First, rinse the irritated area with warm water and use floss to dislodge any food that might be stuck in the tooth or gums. Give the child acetaminophen (tylenol) for any pain, according to the weight/dosage chart on the bottle. Do NOT place an aspirin directly on the teeth or gums. If the face is swollen, place a cold compress on the area and call our office immediately. A swollen face is a sign of a very serious infection requiring prompt attention.


The large majority of children suck their thumbs or fingers as infants, and most grow out of it by the time they start school, without causing any permanent damage. Pacifiers should be discontinued by the age of 2. Generally speaking, we recommend that you make every effort to wean your child from their sucking habit by the age of 3 or as soon as your pediatric dentist notices damage to the teeth and oral structures. The most effective way to discontinue your child’s habit is by reinforcing positive behavior. If your child continues sucking after permanent teeth erupt, or sucks aggressively, we may recommend a retainer appliance to help them quit the habit.

Chelsea Pediatric Dentistry recommends positive reinforcement as a starting tool in assisting your child with habit cessation. Please print one of the following charts and give your child a sticker or smiley face for each day they go without sucking their thumb/pacifier/fingers, etc. At the end of a successful month, reward your child with something they love (other than candy). Good luck!

Pacifier Blue

Pacifier Purple

Thumb Blue

Thumb Purple


Also known as Early Childhood Caries or Nursing Caries, Baby Bottle Tooth Decay is caused by over exposure to sugary liquids. It is usually caused by putting a baby to bed with a bottle containing milk, juice, or soda, nursing babies on demand through the night, or allowing toddlers to graze with a sippy cup. This condition often destroys primary teeth, creating a need for major dental treatment. In addition, it will eventually damage your child’s permanent teeth if left untreated.

You can prevent this by following a few simple guidelines:

  • Never allow your child to fall asleep with a bottle containing milk, formula, breast milk, fruit juices, or any sweetened liquids.
  • Never give your baby a pacifier dipped in sugar or honey.
  • Only allow water in bottles and sippy cups used for grazing.
  • Wipe your baby’s gums with a clean gauze pad after each feeding, and begin brushing as soon as the first tooth appears.
  • Encourage children to drink from a regular cup by their first birthday.

Healthy primary teeth are important for many reasons:

  • They serve as space holders for the permanent teeth, forming a path for them to follow when they are ready to erupt. If a child loses a baby tooth too early (due to trauma or decay) the other teeth around them may shift, resulting in crooked or misplaced permanent teeth.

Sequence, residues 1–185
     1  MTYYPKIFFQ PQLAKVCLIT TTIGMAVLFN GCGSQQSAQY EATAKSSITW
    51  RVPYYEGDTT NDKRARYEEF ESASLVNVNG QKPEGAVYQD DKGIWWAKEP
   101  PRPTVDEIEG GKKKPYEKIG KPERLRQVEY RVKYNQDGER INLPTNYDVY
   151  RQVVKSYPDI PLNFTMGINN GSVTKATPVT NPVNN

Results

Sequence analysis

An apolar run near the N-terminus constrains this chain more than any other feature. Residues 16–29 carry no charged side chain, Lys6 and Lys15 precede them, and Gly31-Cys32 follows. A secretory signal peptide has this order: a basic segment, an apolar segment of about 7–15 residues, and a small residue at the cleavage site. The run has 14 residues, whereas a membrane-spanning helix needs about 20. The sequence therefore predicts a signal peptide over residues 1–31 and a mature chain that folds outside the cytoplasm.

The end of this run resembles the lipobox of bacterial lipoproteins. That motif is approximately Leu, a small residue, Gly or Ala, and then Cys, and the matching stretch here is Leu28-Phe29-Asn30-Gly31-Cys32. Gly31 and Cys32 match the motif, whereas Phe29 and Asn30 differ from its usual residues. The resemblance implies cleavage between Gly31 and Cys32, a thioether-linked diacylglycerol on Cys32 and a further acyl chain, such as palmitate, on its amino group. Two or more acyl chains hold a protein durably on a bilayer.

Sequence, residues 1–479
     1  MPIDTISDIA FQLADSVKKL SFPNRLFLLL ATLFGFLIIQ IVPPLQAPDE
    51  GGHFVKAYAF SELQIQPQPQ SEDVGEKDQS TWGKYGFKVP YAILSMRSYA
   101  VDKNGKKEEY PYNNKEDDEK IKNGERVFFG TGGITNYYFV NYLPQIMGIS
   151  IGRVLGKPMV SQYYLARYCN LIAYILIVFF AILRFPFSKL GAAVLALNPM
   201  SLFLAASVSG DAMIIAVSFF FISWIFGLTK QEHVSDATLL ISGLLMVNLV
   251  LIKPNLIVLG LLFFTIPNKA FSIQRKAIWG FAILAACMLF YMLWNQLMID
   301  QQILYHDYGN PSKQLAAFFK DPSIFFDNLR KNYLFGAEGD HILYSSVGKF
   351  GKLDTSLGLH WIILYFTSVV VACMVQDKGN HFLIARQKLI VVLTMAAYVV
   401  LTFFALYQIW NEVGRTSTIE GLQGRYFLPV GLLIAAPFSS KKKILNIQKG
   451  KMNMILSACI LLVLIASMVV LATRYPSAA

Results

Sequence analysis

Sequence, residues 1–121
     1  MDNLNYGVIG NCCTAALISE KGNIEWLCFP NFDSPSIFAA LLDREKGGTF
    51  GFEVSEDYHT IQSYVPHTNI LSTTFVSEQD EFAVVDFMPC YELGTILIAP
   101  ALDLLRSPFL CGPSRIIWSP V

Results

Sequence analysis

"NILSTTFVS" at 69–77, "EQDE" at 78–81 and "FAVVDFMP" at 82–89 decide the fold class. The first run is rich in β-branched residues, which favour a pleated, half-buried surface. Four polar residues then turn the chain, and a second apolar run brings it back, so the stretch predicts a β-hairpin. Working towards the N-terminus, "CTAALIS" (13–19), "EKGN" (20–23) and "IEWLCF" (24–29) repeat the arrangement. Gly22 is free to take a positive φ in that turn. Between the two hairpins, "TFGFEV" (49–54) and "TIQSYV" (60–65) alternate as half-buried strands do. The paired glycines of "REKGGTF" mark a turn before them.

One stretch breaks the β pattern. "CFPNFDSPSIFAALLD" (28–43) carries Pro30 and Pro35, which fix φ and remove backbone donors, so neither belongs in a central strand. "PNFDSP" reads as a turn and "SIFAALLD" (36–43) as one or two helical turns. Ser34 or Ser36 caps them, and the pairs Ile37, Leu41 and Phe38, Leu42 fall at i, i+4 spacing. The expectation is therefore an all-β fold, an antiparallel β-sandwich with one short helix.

• They facilitate proper chewing, enabling good nutrition. Research shows that children with numerous cavities are often underweight because eating begins to hurt. As a result, they limit food choices, disrupting proper nutrition.
  • Children learn to talk using their primary dentition. Research shows that, because most speech skills are already formed by the age of seven, children who lose their primary front teeth too early often need speech therapy.
  • We are often asked, “Why put fillings in baby teeth when they will fall out anyway?” Unfortunately, neglected cavities create problems that affect the development of permanent teeth. Neglected cavities progress to the core of the tooth and eat away at the nerve. The tooth becomes painful and the nerve becomes inflamed, eventually dying. This creates an abscess that often results in the loss of the tooth and serious damage to the permanent tooth growing below. Some severe cases require emergency hospitalization.
  • Brown or missing teeth often affect the development of self-esteem. A beautiful smile enhances self confidence regardless of age.
  • Your child’s general health is affected by the health of their teeth and gums.

The American Academy of Pediatric Dentistry recommends that a child is seen within six months after his first tooth erupts or by one-year-old, whichever is first. We recommend that you schedule an appointment with a pediatric dentist around your child’s first birthday.


All dental specialists (pediatric dentists, orthodontists, oral surgeons, and others) begin by completing four years of dental school, then continue their education with several years of additional specialized training. During the two to three years of extra training required in the field of pediatric dentistry, your doctor gained extensive knowledge and experience in treating infants, children, and adolescents, including those with special healthcare needs. Pediatric dentists enjoy working with children, and bring to each patient our expertise in childhood development and behavior.


At about 6-8 months, the two lower front teeth (central incisors) will erupt, followed shortly by the two upper central incisors. The remainder of the baby teeth appears during the next 18 to 24 months. At 2 to 3 years, all 20 of the primary teeth should be present.

The first permanent teeth begin to erupt at about age five to six and include molars behind the back baby teeth along with lower central incisors. Some permanent teeth replace baby teeth and some don’t. This process will continue until approximately age fourteen.

The pace and order of their eruption may vary, so don’t be alarmed if some teeth are a few months early or late. All children have unique eruption patterns.

Primary Teeth Eruption Chart


Permanent Teeth Eruption Chart